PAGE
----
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  • Yee Yeoman

What to expect at your pelvic floor physiotherapy appointment

It can be confusing to know what the difference is between your common physios who treat your ankle sprains and low back pain compared to pelvic health physiotherapists. In this blog, we will address common questions you may be wondering when booking your appointment with a pelvic health physiotherapist.

Your first appointment will usually take an hour, and a large portion of that time will be spent asking about your history and concerns. We will complete a comprehensive pelvic health assessment which includes your current concerns, what activities/hobbies you enjoy, current lifestyle, past medical, obstetric and gynaecological history, bladder and bowel habits, sexual function, exercise, and general health. Additionally, we will ask you what types of treatments you have already tried for your symptoms. Many of these questions can be quite personal and sensitive in nature and you do not have to discuss anything you don’t feel comfortable with. However, discussing your history will provide a good indication of what assessment and treatment techniques may be helpful. It may also be necessary to take a look at your movement patterns and assess if you have any muscle imbalances or connective tissue defects related to your pelvis from the outside.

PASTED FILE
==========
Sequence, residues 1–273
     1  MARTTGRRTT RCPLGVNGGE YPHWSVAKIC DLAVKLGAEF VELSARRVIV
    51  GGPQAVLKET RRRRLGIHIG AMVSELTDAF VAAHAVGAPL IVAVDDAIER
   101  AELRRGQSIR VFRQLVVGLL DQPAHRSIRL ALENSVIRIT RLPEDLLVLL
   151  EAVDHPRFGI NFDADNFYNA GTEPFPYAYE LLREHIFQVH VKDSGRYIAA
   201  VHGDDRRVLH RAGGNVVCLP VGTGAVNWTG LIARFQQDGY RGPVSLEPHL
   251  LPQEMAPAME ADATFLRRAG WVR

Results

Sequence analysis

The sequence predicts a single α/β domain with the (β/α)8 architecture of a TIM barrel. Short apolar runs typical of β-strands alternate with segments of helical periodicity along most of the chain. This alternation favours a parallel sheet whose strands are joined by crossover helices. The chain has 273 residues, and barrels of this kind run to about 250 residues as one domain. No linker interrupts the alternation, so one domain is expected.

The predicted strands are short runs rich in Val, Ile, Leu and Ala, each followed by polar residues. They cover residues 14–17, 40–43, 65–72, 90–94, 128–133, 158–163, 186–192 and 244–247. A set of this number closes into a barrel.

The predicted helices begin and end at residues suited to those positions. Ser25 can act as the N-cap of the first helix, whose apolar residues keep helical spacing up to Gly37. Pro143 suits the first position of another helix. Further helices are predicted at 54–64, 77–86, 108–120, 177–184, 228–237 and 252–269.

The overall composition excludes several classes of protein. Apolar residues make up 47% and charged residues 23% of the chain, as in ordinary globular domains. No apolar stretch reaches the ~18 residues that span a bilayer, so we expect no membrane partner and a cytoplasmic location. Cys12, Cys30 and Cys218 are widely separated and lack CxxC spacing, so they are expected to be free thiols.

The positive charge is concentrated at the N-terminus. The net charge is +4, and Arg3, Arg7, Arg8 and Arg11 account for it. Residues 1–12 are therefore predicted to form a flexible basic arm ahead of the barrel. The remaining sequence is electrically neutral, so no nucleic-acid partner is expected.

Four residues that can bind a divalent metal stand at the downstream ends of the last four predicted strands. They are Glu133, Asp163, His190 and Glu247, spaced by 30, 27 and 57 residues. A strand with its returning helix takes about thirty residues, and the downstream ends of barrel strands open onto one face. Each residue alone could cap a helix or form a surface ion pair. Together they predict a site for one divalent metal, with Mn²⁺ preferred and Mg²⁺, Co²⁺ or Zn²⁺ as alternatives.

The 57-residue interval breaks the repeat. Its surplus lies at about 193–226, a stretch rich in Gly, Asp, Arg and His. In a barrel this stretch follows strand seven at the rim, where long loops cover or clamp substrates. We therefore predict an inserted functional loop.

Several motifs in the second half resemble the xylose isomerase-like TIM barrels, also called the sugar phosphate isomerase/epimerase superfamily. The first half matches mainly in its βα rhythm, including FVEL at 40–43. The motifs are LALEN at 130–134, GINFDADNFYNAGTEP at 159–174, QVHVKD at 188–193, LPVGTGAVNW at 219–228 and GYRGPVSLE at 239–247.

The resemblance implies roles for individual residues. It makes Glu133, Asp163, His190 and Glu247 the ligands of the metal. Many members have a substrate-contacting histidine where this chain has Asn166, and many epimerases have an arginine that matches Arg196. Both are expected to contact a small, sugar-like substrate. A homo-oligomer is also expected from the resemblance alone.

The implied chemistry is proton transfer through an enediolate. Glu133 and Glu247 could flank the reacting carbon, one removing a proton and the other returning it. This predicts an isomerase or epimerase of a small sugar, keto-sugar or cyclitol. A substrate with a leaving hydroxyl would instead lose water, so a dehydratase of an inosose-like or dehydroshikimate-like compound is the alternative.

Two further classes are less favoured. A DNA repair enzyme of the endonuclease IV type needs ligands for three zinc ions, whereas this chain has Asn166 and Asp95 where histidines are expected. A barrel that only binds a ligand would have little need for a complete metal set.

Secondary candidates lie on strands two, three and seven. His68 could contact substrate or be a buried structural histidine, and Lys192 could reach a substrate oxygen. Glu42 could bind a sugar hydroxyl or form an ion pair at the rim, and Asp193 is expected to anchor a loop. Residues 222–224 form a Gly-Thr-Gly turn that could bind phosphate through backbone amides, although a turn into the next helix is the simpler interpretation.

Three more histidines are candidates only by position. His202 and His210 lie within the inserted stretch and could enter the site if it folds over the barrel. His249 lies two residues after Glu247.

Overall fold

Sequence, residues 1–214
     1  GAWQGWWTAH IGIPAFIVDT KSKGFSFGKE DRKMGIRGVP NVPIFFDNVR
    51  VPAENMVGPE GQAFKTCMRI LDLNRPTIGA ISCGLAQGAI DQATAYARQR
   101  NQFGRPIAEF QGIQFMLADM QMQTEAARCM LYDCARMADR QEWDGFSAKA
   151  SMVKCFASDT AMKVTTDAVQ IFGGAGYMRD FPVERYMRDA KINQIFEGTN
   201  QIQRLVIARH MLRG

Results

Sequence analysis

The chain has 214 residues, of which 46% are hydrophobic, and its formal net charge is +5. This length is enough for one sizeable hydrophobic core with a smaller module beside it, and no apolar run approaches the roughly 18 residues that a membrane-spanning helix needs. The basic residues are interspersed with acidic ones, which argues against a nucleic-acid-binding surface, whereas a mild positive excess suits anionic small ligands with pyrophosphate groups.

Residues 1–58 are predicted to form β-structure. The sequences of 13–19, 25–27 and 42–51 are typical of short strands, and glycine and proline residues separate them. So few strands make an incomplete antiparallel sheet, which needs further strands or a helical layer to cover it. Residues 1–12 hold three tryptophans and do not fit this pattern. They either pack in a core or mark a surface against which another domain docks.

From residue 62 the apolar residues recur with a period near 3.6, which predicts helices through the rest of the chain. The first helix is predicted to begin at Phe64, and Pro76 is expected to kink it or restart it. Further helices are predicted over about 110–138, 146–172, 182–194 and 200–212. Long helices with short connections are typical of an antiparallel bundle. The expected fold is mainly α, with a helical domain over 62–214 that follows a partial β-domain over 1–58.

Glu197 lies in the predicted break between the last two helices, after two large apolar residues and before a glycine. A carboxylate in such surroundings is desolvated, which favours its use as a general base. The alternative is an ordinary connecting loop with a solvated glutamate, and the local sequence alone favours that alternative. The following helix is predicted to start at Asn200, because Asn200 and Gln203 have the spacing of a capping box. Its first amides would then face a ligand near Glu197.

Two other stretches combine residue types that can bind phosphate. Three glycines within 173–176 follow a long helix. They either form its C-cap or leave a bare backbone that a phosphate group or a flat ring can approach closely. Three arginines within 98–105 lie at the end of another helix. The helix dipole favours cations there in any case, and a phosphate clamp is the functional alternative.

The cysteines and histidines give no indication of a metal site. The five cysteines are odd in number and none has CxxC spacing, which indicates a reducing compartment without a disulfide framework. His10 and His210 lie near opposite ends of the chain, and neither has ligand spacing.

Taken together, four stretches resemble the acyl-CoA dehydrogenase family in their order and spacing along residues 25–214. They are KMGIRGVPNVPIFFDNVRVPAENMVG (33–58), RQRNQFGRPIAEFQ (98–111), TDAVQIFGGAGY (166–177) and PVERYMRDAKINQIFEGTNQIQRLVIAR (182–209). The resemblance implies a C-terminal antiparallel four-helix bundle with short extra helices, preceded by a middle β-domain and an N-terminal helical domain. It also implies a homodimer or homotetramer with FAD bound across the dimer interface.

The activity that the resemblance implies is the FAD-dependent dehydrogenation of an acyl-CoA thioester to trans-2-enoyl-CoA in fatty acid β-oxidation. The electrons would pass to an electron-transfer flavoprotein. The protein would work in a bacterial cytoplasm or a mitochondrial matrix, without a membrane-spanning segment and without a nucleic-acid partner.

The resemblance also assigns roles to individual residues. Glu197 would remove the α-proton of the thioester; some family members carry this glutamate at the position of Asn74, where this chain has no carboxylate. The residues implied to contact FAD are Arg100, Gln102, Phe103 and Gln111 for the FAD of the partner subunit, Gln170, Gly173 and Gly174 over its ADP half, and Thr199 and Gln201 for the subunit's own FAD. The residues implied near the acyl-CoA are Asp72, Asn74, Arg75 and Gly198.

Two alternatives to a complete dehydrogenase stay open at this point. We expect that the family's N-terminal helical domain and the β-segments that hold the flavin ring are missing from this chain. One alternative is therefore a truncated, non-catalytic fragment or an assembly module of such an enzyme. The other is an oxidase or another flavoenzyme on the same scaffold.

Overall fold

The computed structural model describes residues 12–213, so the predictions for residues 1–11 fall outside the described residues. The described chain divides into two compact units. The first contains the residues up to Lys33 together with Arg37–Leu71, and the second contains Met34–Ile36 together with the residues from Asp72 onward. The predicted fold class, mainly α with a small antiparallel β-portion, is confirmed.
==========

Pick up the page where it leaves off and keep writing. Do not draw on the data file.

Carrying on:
Questions we will ask you include:

  • How long you’ve had the problem, and whether it’s improving or becoming worse

  • What you’ve tried to do to improve things so far, and whether that’s helped

  • Whether you have problems with your bladder, bowel, prolapse, sexual problems or maybe a combination of these issues

  • Any past medical problems, including childbirth history and any previous surgeries

  • What is the problem that is bothering you the most?

  • Bladder habits including how often you go to the toilet during the day and night, if you leak urine (and if so, how much and how often), if you feel you have to rush to get to the toilet on time, and the kinds of symptoms you have when urinating, including pain or feelings of incomplete emptying.

  • Bowel habits, including how often you empty the bowel, whether you find this difficult or painful, the consistency of your bowel motions, any loss of control from the bowel or any sense of having to rush to get to the toilet on time.

  • Pregnancy and childbirth history including how many pregnancies and children you’ve had, the types of deliveries and the weight of your babies.

  • Any symptoms of prolapse, including a feeling of something dropping internally or a heaviness, lump or bulging inside the vagina or rectum.

  • Questions related to sexual intercourse or penetration, including whether you find this painful or if you have any difficulties or concerns.

  • Your medical history including current medical problems, medications you’re taking and any past surgeries.

  • What you do for work and in your leisure time, so we can understand how your problem may be impacting on your daily activities.